• Roman Temple of Évora (Portuguese: Templo romano de Évora), improperly referred to as the Temple of Diana, was a 1st-century (in some references 2nd or 3rd century) temple, dedicated to the cult of Emperor Augustus, that was incorporated into mediaeval building and, thus, survived destruction. Évora's most famous landmark, it is constructed of 7.68 m (25.20 ft) Corinthian columns and fourteen granite columns, and whose base, capitals and the architraves of marble excavated from Estremoz.

Religious[edit]

  • Cathedral of Évora (Portuguese: Catedral de Évora): Mainly built between 1280 and 1340, it is one of the most important gothic monuments of Portugal. The cathedral has a notable main portal with statues of the Apostles (around 1335) and a beautiful nave and cloister. One transept chapel is Manueline and the outstanding main chapel is Baroque. The pipeorgan and choir stalls are renaissance (around 1566).
  • Chapel of São Brás (Portuguese: Capela de São Brás) Built around 1480, it is a good example of Mudéjar-Gothic with cylindrical buttresses. Only open for prayer.
  • Saint Francis Church (Igreja de São Francisco): Built between the end of the 15th and the early 16th centuries in mixed Gothic-Manueline styles. The wide nave is a masterpiece of late Gothic architecture. Contains many chapels decorated in Baroque style, including the Chapel of Bones (Capela dos Ossos), totally covered with human bones.
  • Lóios Convent and Church: Built in the 15th century, contains a number of tombs; the church and the cloister are Gothic in style, with a Manueline chapterhouse with a magnificent portal. The church interior is covered in azulejos (ceramic tiles) from the 18th century. In 1965 it has been converted into a top-end pousada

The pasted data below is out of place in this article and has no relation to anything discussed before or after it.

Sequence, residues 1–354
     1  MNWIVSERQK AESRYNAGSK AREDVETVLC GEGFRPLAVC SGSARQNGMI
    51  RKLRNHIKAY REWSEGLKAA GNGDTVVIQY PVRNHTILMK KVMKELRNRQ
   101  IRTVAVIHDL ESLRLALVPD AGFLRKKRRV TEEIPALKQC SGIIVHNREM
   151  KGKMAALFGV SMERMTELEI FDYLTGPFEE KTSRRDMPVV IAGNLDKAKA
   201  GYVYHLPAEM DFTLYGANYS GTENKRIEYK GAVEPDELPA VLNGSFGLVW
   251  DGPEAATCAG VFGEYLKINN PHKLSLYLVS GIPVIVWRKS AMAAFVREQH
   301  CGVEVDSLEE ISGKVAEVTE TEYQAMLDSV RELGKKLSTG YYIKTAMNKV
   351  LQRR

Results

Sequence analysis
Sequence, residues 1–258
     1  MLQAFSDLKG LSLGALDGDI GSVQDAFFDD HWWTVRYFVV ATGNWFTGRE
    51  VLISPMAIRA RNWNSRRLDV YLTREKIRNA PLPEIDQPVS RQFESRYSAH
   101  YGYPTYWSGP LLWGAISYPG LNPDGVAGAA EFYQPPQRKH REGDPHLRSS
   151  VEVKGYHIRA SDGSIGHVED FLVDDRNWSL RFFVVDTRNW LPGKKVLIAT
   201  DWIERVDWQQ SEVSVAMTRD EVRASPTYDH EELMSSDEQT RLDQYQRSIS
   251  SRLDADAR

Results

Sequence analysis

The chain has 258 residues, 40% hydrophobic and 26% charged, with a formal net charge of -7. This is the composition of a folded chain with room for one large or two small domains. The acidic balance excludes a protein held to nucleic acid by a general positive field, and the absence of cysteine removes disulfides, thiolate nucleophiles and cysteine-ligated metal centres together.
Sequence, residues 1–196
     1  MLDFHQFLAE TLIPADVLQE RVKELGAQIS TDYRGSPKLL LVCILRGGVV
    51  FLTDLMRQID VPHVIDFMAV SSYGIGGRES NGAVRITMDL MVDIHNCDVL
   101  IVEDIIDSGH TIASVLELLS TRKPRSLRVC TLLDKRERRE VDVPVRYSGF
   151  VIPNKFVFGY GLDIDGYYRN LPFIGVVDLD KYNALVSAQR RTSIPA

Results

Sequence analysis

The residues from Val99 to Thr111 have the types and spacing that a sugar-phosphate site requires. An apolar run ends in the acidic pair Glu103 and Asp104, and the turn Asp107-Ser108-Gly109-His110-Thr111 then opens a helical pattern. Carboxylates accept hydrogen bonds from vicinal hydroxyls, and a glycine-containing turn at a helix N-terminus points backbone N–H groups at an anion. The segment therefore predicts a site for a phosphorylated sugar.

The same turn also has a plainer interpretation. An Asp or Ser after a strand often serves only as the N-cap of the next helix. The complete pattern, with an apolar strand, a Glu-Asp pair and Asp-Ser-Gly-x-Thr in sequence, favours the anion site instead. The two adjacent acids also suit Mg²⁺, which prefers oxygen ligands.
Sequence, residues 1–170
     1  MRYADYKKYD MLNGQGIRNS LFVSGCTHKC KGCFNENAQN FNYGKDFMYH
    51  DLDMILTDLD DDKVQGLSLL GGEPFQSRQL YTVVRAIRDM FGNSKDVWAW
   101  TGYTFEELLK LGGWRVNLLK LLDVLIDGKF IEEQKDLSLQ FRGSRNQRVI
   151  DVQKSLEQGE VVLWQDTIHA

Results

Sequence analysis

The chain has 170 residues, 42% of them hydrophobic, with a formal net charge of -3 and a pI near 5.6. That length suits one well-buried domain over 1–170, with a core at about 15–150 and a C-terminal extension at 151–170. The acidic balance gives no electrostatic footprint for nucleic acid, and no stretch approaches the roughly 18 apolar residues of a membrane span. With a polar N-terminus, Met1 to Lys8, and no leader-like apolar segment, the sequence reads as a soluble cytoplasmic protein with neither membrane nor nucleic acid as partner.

See also[edit]

References[edit]

Notes
  1. ^ Instituto Nacional de Estatística
  2. ^ Direção-Geral do Território
  3. ^ MAETN (1999). "diktyo". classic-web.archive.org. Retrieved 19 May 2011. 
  4. ^ Classificação Expresso das melhores cidades portuguesas para viver em 2007, Expresso
  5. ^ "Edição Impressa". Jornal.publico.clix.pt. Retrieved 2009-05-06. [dead link]
  6. ^ "York's ancient origins". Yorkshire-england.co.uk. Retrieved 2013-03-12. 
  7. ^ "The Mineral Industry of Portugal in 2002" (PDF). Retrieved 2009-07-08. 
  8. ^ "Évora". Fikeonline.net. Retrieved 2009-05-06. 
  9. ^ [1][dead link]
  10. ^ Jorge Fonseca (1997). Os escravos em Évora no século XVI (in Portuguese). Volume 2 of Colecção "Novos estudos eborenses" Volume 2 of Novos Estudos e Eborenses. Câmara Municipal de Évora. p. 18. ISBN 9729696535. Retrieved 2014-02-02. 
  11. ^ Jorge Fonseca (1997). Os escravos em Évora no século XVI (in Portuguese). Volume 2 of Colecção "Novos estudos eborenses" Volume 2 of Novos Estudos e Eborenses. Câmara Municipal de Évora. p. 21. ISBN 9729696535. Retrieved 2014-02-02. 
  12. ^ Jorge Fonseca (1997). Os escravos em Évora no século XVI (in Portuguese). Volume 2 of Colecção "Novos estudos eborenses" Volume 2 of Novos Estudos e Eborenses. Câmara Municipal de Évora. p. 21. ISBN 9729696535. Retrieved 2014-02-02. 
  13. ^ Alberto Da Costa E Silva (2002). A Manilha e o Libambo (in Portuguese). Editora Nova Fronteira. p. 849. Retrieved 2014-02-02. 
  14. ^ Hugh Thomas (2013). The Slave Trade: The Story of the Atlantic Slave Trade: 1440-1870 (illustrated ed.). Simon and Schuster. p. 119. ISBN 1476737452. Retrieved 2014-02-02. 
  15. ^ Maria do Rosário Pimentel (1995). Viagem ao fundo das consciências: a escravatura na época moderna (in Portuguese). Volume 3 of Colibri história. Edições Colibri. p. 49. ISBN 9728047754. Retrieved 2014-02-02. 
  16. ^ Viagem ao fundo das consciências: a escravatura na época moderna (in Portuguese). Sociedade Histórica da Independência de Portugal (Lisbon, Portugal). Palácio da Independencia. 1966. p. 19. Retrieved 2014-02-02. 
  17. ^ Fortunato de Almeida (1925). História de Portugal, Volume 3 (in Portuguese). F. de Almeida. p. 222. Retrieved 2014-02-02.